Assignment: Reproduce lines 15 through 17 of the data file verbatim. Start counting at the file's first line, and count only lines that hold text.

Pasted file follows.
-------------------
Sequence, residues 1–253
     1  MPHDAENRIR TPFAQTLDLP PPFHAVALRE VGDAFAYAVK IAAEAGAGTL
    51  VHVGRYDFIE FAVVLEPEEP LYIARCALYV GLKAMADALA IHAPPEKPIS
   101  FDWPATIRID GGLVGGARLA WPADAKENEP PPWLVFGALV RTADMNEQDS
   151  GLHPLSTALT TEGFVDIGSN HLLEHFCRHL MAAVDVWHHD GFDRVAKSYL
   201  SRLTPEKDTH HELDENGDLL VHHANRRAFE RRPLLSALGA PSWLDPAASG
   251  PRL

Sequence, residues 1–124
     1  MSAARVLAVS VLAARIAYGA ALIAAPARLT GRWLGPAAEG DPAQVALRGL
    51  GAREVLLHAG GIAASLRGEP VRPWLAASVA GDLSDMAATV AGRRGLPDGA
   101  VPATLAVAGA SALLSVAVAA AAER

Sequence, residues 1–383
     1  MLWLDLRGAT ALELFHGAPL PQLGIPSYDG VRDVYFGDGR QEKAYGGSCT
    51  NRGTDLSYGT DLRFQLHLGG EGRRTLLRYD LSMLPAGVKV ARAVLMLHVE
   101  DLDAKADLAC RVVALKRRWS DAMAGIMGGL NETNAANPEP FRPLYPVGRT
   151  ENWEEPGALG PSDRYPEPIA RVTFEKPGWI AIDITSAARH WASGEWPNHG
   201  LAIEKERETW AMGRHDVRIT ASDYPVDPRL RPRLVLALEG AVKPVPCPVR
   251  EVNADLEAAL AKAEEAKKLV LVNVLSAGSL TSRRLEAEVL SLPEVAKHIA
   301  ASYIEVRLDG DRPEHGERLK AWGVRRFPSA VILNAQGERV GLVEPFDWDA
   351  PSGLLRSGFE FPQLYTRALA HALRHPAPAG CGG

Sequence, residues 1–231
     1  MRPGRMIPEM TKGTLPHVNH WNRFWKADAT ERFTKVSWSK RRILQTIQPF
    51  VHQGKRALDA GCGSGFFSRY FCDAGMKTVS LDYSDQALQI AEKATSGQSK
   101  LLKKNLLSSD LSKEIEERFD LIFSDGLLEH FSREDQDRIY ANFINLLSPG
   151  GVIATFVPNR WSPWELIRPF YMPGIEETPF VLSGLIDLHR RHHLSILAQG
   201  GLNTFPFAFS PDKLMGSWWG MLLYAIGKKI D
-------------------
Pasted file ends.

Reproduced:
   101  DLDAKADLAC RVVALKRRWS DAMAGIMGGL NETNAANPEP FRPLYPVGRT
   151  ENWEEPGALG PSDRYPEPIA RVTFEKPGWI AIDITSAARH WASGEWPNHG
   201  LAIEKERETW AMGRHDVRIT ASDYPVDPRL RPRLVLALEG AVKPVPCPVR